SPECIAL SCHOLARSHIPS AND GRANTS
According to a report by the Institute for Women’s Policy Research, 88 percent of single parents in college have incomes at or below 200 percent of the federal poverty level. For these students, receiving financial assistance is critical. At Mount Holyoke College in South Hadley, Mass., about 90 nontraditional students, including single mothers under the age of 25, are enrolled as Frances Perkins Program scholars each year, with 25 of them receiving full-tuition scholarships. Brigham Young University’s Marriott School of Business in Provo, Utah, offers scholarships to single-parent undergraduate and graduate students, both mothers and fathers. Wilson College, an all-girls school in central Pennsylvania, doles out 13 scholarships to single parents with children between the ages of 20 months and 12 years. And in addition to offering grants of up to $8,600 to parenting students, the University of California–Berkeley’s Bear Pantry, which exclusively serves student parents, provides them a two-week food supply along with a $30 gift card for fresh produce, meat or dairy.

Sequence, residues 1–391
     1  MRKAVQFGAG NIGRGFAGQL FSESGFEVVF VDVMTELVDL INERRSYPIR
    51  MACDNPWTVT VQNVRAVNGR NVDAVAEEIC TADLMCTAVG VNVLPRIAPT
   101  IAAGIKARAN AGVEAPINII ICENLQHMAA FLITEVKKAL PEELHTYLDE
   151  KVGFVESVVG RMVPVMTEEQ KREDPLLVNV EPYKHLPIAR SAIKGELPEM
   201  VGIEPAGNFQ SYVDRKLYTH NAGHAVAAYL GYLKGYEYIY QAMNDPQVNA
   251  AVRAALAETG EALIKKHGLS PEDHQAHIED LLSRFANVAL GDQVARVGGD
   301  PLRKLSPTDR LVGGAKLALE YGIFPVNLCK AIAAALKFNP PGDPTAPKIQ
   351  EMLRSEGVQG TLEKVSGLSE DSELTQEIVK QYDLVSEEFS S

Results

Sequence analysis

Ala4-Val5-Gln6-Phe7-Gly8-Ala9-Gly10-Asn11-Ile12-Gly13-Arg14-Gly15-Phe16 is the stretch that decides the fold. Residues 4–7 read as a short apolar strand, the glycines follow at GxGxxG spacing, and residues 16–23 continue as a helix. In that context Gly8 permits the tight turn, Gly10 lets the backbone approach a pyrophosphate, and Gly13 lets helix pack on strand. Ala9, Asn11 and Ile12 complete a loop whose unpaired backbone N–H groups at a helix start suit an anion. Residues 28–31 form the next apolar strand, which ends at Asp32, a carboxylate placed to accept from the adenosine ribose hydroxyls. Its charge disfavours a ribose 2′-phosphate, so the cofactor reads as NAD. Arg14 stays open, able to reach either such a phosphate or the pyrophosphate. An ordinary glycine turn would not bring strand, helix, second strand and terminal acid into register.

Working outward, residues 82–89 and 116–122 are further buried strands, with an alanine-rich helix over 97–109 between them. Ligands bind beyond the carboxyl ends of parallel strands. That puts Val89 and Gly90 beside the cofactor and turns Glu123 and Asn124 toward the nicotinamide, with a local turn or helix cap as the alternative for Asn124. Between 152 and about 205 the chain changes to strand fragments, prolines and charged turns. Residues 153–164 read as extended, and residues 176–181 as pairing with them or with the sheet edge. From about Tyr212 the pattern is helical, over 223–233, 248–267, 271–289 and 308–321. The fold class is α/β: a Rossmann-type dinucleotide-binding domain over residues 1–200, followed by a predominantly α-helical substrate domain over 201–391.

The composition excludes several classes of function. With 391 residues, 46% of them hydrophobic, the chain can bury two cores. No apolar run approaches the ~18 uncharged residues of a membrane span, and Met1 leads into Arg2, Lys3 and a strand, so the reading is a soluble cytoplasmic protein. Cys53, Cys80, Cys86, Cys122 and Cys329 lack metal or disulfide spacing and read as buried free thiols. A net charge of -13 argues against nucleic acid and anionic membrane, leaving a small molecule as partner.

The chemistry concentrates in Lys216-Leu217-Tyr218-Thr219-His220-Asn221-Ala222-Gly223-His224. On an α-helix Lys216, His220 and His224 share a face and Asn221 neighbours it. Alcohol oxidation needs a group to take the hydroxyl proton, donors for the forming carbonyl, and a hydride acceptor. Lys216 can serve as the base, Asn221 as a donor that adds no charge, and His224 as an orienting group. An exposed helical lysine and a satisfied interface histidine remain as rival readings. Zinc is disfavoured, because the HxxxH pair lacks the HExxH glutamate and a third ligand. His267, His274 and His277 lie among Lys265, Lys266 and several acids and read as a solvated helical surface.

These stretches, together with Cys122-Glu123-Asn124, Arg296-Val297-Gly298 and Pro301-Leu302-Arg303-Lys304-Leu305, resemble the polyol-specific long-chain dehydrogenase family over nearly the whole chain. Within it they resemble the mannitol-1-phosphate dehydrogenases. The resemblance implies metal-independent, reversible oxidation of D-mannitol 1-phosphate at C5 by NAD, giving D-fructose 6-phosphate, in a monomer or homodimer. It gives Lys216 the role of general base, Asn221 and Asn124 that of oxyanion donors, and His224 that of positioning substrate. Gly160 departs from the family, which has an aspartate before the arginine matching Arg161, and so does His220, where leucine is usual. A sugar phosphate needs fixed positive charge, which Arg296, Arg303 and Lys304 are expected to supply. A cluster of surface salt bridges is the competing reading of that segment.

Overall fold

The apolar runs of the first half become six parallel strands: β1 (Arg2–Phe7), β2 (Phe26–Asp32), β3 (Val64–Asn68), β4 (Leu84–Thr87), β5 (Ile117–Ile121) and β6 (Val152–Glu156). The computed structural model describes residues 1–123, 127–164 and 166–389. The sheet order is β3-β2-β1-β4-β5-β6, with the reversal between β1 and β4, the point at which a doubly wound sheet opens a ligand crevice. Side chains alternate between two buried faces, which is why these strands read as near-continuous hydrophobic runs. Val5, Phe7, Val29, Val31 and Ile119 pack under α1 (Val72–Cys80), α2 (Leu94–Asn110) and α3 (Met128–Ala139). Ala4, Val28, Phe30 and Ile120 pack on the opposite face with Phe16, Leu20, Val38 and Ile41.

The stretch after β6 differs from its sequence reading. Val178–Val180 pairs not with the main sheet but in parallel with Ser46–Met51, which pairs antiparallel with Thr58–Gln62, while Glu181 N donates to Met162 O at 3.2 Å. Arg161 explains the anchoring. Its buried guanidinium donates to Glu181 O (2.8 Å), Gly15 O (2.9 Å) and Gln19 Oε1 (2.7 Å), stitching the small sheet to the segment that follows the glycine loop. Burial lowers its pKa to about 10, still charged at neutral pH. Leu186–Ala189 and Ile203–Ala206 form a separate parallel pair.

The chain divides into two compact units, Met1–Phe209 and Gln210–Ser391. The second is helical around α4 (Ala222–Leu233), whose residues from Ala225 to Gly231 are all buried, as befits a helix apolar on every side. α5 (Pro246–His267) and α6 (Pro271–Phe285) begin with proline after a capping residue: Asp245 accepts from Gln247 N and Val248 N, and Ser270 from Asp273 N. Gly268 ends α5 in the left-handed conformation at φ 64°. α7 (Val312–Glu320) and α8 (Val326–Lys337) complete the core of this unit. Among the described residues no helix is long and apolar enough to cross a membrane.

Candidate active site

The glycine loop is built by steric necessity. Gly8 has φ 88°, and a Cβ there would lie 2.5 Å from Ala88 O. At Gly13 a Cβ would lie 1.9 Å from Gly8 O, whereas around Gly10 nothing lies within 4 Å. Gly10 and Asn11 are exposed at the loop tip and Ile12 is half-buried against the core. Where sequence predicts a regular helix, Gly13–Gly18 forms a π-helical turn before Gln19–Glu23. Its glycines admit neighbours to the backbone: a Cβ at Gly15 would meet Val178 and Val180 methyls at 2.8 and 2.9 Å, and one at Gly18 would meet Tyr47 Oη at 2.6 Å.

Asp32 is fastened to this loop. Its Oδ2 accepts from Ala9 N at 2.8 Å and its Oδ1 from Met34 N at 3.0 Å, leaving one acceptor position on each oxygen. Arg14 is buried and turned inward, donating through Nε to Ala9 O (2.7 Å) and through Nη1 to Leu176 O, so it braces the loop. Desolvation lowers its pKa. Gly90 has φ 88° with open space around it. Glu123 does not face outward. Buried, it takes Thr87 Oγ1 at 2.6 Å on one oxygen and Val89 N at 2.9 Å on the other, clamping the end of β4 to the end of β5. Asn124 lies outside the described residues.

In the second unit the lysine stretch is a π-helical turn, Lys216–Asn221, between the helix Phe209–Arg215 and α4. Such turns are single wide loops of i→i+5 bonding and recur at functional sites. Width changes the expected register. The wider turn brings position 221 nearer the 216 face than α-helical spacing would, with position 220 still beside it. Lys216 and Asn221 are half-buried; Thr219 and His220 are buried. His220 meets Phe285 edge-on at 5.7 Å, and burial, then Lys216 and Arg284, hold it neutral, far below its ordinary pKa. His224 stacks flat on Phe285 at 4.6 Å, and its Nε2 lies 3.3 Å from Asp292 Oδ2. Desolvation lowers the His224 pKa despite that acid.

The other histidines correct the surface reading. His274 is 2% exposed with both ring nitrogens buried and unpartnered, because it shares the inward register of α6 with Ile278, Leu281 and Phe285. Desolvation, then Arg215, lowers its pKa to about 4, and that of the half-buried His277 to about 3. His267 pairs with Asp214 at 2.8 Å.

While financial help and on-campus childcare are invaluable to single-parent students, so too are activities and dedicated spaces to keep their kids happy and occupied. At Misericordia, students’ kids can attend summer and sports camps, learn to swim, and visit the on-campus children’s garden and library. Likewise, Wilson College offers trips to Hershey Park for the hardworking families in its Single Parent Scholar Program. And the Children’s Center at Indiana University Southeast provides structured daycare that combines classroom learning with outdoor recreation, games and storytime.
WRAPAROUND SUPPORT SERVICES